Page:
A comprehensive directory list of estate agents in Spain
We aim to make your search for your ideal property in Spain less stressful by compiling a list of reputable estate agents in a single comprehensive directory. Our directory is relatively easy to navigate - simply click on a region in Spain, for example Costa del Sol, then select a town in that area.
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Latest news on the Spanish property market
January 2014 - Indications prices have bottomed out
There are indications that the property market in Spain has bottomed out, according to statistics published by ST Sociedad de Tasación, a property valuation company.
The company forecasts that the 1.3% average rise in new and second-hand property prices seen in the last quarter of 2014 is not a temporary rally, and it expresses optimism that the trend will continue. It bases its prediction on the fact that:
1. There is increasing demand from purchasers, both those who want to buy homes and those who want to rent out properties. Purchases by Spanish residents grew by 2.6% in the final quarter of 2014. ST believes that this represents new found confidence amongst Spaniards that prices have stopped falling, and they are once again showing willingness to put their savings into property purchases.
2. Banks are making it somewhat easier to arrange loans, and are once again competing against each other on interest rates.
3. Although the unemployment rate in Spain is still high, with more than 4.4 million people on the register, it is falling, and the fall is expected to continue. Additionally, the Spanish economy is showing an increase in GDP.
4. The ratio of property prices to average income has fallen. In 2007, the average property cost the equivalent of 13.6 years earnings. Today, that has fallen to just 7.8 years earnings.
5. The number of tourists reached 61.7 million in the first 10 months of 2014, an all-time high, and an increase of 7.2% on the previous year.
6. The fall of the value of the Euro against sterling and the dollar (it's at a 7-year low against the latter) should encourage foreign investment.
At long last, there appears to be good news for hard-pressed property owners in Spain. This might be the best time for investors to enter the market.
January 2013 - Prices to continue falling
The price of housing in Spain is still far from hitting bottom, according to the U.S. ratings agency, Fitch. The agency predicts that prices of apartments in Spain will fall an additional 15% this year. In addition, Fitch believes that the number of mortgage defaulters in Spain will increase by between 9 and 11%.
Fitch believes that house prices in Spain, Ireland and Greece will undergo the most substantial falls in 2013, due to reduced income and lack of trust in the market.
Since the beginning of the economic crisis, Fitch noted that the sale of homes in Spain has fallen by 70%, and the agency expects that this decline will continue in 2013. Fitch also believes that it will be many years before the current housing stock is absorbed even if sales figures were to return to pre-crisis levels.
Fitch also estimates that mortgage defaulters will increase due to an increase in unemployment and reduction of subsidies to many families. The agency notes that in November 2012 there were about 1.7 million Spanish households where all members were unemployed. Fitch states that the Spanish mortgage market is very vulnerable to a rise in long-term interest rates. It also believes that obtaining mortgages will continue to be problematical for at least the next two or three years.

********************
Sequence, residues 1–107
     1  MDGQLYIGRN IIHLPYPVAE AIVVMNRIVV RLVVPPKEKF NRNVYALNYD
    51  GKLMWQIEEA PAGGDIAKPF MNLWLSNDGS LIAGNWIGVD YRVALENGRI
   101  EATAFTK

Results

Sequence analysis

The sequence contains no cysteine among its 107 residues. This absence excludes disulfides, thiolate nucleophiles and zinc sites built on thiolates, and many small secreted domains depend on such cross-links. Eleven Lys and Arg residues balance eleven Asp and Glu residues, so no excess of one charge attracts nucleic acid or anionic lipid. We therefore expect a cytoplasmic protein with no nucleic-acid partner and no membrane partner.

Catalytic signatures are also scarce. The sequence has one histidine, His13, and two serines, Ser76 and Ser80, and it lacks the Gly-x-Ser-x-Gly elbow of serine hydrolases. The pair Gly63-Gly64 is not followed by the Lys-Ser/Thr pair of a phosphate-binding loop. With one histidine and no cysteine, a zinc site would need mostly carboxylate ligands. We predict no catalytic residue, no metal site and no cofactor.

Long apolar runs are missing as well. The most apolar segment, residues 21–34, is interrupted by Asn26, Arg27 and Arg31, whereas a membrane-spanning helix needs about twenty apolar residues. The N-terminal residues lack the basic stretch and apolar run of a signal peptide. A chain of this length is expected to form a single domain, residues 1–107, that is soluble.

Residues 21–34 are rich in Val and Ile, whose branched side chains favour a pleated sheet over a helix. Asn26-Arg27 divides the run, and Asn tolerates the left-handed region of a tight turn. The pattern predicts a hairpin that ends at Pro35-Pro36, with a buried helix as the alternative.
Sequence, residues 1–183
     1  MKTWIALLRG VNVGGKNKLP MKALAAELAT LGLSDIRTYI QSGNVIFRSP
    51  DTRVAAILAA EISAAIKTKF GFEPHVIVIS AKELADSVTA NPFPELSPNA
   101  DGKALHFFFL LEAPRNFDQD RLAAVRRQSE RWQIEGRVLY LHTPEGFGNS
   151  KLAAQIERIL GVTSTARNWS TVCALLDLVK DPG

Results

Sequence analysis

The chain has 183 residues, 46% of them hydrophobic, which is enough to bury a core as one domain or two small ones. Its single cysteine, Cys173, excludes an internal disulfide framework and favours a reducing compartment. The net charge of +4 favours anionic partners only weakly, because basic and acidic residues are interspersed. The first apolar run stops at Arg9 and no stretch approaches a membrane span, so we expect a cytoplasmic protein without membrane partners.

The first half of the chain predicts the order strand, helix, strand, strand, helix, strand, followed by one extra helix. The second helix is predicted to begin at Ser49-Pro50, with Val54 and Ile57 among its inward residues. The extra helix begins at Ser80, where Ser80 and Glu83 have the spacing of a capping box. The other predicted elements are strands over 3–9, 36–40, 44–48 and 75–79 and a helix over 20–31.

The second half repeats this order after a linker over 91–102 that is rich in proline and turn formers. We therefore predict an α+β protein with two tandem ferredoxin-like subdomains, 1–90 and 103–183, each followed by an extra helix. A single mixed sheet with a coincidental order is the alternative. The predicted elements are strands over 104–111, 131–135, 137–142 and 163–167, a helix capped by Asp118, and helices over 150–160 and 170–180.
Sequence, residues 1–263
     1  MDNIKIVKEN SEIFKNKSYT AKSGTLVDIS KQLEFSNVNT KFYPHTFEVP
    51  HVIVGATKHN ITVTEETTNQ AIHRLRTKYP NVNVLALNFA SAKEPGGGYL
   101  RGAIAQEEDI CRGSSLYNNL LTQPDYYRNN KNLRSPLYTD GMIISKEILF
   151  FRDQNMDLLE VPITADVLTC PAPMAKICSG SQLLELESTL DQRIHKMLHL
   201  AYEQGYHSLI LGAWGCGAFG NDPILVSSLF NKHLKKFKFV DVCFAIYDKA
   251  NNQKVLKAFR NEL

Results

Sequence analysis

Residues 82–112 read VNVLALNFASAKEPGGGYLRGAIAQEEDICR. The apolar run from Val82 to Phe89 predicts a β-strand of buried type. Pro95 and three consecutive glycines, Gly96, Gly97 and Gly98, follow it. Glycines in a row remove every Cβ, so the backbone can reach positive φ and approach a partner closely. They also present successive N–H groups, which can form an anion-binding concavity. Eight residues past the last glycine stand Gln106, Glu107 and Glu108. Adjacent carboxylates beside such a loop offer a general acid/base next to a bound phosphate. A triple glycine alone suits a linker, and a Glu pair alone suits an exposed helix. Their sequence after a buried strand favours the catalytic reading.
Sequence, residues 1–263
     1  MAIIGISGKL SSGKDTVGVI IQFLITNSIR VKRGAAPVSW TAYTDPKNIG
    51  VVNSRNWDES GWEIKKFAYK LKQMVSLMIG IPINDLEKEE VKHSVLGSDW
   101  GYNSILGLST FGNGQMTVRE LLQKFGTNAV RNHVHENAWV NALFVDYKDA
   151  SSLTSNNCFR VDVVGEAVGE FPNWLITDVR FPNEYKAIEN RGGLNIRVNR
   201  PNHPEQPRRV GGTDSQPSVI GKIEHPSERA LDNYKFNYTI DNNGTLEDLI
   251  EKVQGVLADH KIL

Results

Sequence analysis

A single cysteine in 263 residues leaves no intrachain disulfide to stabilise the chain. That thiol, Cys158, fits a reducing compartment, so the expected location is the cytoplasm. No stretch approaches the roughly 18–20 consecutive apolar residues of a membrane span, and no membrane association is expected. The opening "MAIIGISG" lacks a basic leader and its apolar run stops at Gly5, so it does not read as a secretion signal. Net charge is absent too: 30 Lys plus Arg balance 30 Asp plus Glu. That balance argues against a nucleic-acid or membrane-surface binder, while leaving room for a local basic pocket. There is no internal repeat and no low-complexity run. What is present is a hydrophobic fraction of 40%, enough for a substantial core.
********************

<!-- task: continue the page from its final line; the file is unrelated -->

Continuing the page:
November 2012 - Plan to offer resident status to foreign property purchasers
In the latest effort to try and breathe some life into the property market, the Spanish government has confirmed that it is thinking of offering resident status to any foreigner who buys property in Spain for 160,000 euros or more. No further details of the scheme have been announced at this time.
At present, non-residents must pay tax on notional rental income from property they own in Spain. Having resident status will presumably mean property owners will avoid this tax. Apart from that, it is difficult to see why the offer of residency would appeal to would-be property buyers. Residency does not necesarily entitle people to social welfare or healthcare benefits.
An interesting aspect of the plan is that Spanish residents must pay income tax on worldwide income. This could be problematical for people who earn income in countries that do not have a double taxation agreement with Spain.
May 2012 - Prices continue to fall
The fall in the price of homes in Spain is showing no signs of easing off. One of the leading property portals in the country reports that over 47,000 of the properties on its site (9% of all listed properties) had their price reduced in May. The average reduction was 12% or just over 30,000 euros.
Analysts believe that the continuing price drops are being influenced by the current economic climate. The austerity measures imposed by the Spanish government, coupled with the difficulties being experienced by the Spanish banking sector, have made people anxious to sell their properties quickly.
However, others point out that as long as prices continue to fall, the chances of finding a purchaser will be low, as would-be buyers will wait until the market bottoms out. Nobody is expressing any optimism as to when that will happen. Successive efforts to boost the property sector, including a temporary VAT reduction on purchases, have made no impact.
Archived articlesArchive 2011 - Spanish property news
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Archive 2009 - Spanish property news